Can Egyptian Paste Techniques (Faience) Be Used For 3D Printed, Solid Free-form Fabrication of Ceramics?
Awarding body: Arts and Humanities Research Council
awarded to: Hoskins, Stephen
researcher participants: Huson, David
Project duration: 01/09/2012 - 31/08/2015
The Arts and Humanities Research Council have funded a 3 year research project for David Huson and Professor Stephen Hoskins to develop a process based upon historic Egyptian Faience techniques, which should enable ceramic artists, designers and craftspeople to print 3D objects in a material which they are familiar with and that can be glazed and vitrified in one firing.
Faience was first used in the 5th Millennium BC and was the first glazed ceramic material invented by man. Faience was not made from clay (but instead composed of quartz and alkali fluxes) and is distinct from Italian Faience or Majolica, which is a tin, glazed earthenware. (The earliest Faience is invariably blue or green, exhibiting the full range of shades between them, and the colouring material was usually copper).
The researchers believe that it is possible to create a contemporary 3D printable, self-glazing, non-plastic ceramic material that exhibits the characteristics and quality of Egyptian Faience. It is the self-glazing properties that are of interest for this research project. In the 1960's, Wulff in 'Egyptian Faience a possible survival in Iran' postulated that the technique he observed in Qom, Iran described as cementation glazing, could have been a method used by the Egyptians from 4,000 BC. In order to glaze the unfired object, it is buried in a glazing powder, in a sagger (a protective vessel of fireclay to support and protect delicate objects) then fired. During firing, a glaze is formed directly by chemical reaction on the surface of the body but the glaze mass as a whole does not melt.
Modern techniques employ 3D printing to form physical models by a variety of methods from a virtual digital file. An additive layer manufacturing process is employed to deposit a variety of materials: commonly UV polymer resins, hot melted 'abs' plastic and inkjet binder or laser sintered, powder materials. These techniques have previously been known as rapid prototyping (RP). With the advent of better materials and equipment some RP of real materials is now possible. These processes are increasingly being referred to as solid 'free-form fabrication' (SFF) or additive layer manufacture. To create a printable Faience we will investigate, three methods used by the Egyptians.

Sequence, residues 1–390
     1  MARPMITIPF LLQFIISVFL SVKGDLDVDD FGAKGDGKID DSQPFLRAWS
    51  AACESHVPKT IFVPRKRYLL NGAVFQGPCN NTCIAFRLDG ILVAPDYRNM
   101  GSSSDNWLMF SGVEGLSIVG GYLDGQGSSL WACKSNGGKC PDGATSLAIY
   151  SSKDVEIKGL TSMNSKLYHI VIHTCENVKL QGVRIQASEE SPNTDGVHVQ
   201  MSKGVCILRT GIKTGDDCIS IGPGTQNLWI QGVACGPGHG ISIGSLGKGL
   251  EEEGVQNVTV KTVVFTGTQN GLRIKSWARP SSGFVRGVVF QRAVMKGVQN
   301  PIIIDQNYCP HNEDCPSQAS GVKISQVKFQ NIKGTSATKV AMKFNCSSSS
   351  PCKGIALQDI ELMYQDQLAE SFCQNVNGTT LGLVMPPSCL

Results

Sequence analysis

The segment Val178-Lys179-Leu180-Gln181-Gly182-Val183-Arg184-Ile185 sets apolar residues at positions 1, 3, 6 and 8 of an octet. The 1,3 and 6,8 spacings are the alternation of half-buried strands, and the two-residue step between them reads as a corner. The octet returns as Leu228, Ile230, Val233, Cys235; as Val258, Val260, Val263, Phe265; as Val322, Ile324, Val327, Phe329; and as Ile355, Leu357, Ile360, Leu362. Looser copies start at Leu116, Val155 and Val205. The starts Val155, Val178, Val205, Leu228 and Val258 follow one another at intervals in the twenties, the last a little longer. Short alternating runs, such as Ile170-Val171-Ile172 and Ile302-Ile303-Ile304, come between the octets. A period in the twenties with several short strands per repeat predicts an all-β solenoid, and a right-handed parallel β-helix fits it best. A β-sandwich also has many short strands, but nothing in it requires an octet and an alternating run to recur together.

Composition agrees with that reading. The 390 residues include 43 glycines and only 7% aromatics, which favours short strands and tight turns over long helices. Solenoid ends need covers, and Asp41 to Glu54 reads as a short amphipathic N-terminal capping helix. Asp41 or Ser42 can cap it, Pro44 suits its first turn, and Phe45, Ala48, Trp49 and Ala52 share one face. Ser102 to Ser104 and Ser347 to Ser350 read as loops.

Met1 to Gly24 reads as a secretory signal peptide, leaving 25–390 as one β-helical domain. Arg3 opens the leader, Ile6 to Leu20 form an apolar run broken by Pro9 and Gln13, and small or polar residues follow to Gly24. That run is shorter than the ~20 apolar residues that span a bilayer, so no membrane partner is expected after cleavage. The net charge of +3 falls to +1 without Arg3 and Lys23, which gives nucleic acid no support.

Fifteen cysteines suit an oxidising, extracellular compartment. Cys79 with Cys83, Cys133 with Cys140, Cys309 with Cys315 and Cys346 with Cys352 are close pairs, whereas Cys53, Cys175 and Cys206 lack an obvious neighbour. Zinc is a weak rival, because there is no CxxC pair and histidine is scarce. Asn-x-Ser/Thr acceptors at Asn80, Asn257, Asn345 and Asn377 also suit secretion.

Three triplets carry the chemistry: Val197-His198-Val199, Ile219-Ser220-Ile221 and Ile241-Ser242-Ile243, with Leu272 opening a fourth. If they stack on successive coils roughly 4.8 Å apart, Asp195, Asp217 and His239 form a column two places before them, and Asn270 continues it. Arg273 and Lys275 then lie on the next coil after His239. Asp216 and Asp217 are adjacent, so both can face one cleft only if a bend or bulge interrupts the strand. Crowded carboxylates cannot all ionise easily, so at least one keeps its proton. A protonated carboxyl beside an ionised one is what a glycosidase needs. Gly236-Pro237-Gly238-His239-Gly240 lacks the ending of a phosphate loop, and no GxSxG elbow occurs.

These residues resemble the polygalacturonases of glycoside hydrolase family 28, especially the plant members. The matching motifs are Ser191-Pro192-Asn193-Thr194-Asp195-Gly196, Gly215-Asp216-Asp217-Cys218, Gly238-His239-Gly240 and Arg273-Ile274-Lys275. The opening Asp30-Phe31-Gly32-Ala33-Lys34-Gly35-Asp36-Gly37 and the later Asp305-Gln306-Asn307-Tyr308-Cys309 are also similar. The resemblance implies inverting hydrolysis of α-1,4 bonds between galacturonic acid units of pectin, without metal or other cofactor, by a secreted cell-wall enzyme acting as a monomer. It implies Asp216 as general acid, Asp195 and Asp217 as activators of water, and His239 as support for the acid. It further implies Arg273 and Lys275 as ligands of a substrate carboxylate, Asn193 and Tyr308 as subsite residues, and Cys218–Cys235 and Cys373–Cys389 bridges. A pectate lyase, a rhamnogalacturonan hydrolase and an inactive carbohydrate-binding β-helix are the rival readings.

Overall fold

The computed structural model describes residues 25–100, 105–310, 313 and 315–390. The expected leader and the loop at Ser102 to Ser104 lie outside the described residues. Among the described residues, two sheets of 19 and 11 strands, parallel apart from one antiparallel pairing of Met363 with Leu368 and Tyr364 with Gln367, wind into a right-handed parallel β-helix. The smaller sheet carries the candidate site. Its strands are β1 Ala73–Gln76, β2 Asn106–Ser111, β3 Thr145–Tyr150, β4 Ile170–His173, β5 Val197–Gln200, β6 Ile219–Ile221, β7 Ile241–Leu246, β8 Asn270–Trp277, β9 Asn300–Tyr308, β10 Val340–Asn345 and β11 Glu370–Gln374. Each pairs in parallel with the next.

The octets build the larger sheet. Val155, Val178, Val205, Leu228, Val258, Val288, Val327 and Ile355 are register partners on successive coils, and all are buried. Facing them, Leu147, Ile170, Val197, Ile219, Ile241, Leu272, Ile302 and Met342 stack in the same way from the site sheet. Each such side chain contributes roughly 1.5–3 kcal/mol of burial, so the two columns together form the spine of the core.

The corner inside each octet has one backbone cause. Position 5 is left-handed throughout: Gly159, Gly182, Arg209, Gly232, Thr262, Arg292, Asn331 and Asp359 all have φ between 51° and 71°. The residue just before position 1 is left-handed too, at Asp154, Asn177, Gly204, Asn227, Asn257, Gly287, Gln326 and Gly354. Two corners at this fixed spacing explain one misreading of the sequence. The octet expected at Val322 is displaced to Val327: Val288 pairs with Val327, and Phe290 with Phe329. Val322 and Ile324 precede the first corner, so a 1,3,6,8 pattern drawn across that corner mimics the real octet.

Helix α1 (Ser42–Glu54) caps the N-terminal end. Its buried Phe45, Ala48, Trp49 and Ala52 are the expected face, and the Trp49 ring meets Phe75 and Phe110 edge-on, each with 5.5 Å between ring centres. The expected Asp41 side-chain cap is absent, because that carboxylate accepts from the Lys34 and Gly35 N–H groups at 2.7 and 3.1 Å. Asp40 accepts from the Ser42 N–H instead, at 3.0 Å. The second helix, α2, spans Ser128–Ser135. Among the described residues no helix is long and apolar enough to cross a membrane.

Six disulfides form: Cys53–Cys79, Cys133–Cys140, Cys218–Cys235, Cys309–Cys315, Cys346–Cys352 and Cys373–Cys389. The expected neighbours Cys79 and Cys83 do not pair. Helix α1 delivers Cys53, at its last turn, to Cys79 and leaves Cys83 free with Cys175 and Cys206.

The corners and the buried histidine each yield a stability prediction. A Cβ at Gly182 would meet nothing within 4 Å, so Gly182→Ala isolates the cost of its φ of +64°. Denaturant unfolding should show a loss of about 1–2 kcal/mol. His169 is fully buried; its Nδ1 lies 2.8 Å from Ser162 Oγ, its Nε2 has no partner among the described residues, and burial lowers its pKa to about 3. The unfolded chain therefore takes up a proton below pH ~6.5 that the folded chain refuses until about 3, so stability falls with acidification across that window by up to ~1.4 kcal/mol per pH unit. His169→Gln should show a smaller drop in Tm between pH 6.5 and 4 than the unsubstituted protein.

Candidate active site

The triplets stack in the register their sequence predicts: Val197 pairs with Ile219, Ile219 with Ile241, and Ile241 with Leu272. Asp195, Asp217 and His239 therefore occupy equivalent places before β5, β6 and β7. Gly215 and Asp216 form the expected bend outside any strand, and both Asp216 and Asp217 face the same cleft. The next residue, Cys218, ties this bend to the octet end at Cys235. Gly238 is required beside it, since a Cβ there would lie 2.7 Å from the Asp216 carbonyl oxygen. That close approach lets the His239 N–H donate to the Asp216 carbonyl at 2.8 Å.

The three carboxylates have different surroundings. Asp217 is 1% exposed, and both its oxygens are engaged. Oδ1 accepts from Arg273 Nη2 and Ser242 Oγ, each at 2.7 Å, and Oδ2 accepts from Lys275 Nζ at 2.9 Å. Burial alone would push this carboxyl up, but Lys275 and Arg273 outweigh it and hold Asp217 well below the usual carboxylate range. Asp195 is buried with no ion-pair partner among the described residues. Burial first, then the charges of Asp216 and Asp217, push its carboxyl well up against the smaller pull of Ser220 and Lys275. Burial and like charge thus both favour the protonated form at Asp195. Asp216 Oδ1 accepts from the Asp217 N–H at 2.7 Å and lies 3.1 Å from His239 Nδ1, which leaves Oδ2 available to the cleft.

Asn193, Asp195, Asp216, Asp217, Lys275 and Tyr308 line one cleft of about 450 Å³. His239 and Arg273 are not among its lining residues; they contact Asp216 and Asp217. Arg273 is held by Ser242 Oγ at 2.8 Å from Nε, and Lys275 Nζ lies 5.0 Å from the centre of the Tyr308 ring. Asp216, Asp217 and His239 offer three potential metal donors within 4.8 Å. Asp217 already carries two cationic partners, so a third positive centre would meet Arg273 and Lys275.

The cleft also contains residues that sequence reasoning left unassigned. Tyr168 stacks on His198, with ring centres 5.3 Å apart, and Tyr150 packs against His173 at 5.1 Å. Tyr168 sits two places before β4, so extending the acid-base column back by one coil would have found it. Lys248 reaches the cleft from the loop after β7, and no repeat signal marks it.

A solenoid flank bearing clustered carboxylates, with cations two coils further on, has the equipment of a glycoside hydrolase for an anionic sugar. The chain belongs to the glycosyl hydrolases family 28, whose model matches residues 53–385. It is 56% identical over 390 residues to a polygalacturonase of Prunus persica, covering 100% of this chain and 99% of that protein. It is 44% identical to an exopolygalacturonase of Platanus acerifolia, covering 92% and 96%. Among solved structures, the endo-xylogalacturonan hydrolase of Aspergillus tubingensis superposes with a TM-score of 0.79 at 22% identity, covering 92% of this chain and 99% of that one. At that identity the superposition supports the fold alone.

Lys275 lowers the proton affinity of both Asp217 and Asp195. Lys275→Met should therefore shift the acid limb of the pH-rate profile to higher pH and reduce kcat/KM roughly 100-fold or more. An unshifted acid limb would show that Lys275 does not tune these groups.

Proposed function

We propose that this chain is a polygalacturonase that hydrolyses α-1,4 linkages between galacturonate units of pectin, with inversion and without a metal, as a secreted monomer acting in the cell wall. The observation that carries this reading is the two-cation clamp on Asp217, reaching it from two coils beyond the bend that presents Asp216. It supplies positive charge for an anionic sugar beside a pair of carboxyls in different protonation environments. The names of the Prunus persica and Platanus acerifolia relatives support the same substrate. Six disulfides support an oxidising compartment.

Application glazing: similar to modern glazing techniques where glaze slurry is applied to a body.
Efflorescent glazing: where the glazing materials in the form of water-soluble salts are mixed with the body. the salts migrate to the surface forming a layer, which fuses to a glaze when fired.
Cementation glazing: the unfired object, it is buried in a glazing powder, in a sagger then fired. During firing, a glaze is formed directly by chemical reaction on the surface of the body but the glaze mass as a whole does not melt. We will use these techniques as a basis for developing contemporary printable alternatives. In addition the research team will work with a group of art/design/craft practitioners who will be selected as case studies and co-contributors to the project.
In Egypt, from the New Kingdom onward, the colour palette of Egyptian Faience was extended and a new method of manufacture was developed. A PhD studentship will research this method, more like a glass, where the body is entirely homogeneous without a separate coating of glaze. The surface was generally, but not always, glossy. The glassy phase results from the addition of coloured frit to the Faience mixture. (Frit, a mixture of glass ingredients that have been incompletely reacted together, is a material in its own right and can be used as a pigment or for making objects). The research will investigate whether the addition of coloured frit may enable an Egyptian Faience like material suitable for 3D printing with a greatly increased colour palette.
This project offers the theoretical possibility of a printed, single fired, glazed ceramic object - something that is impossible with current technology.
3D and Rapid Prototyping Research
Links with Artists
Solid free-form fabrication
Smart materials and novel actuators
Fabrication of 3D arts and crafts artefacts
Edible 3D printing
Symposium: Towards a New Ceramic Future
Arts and Humanities Research Council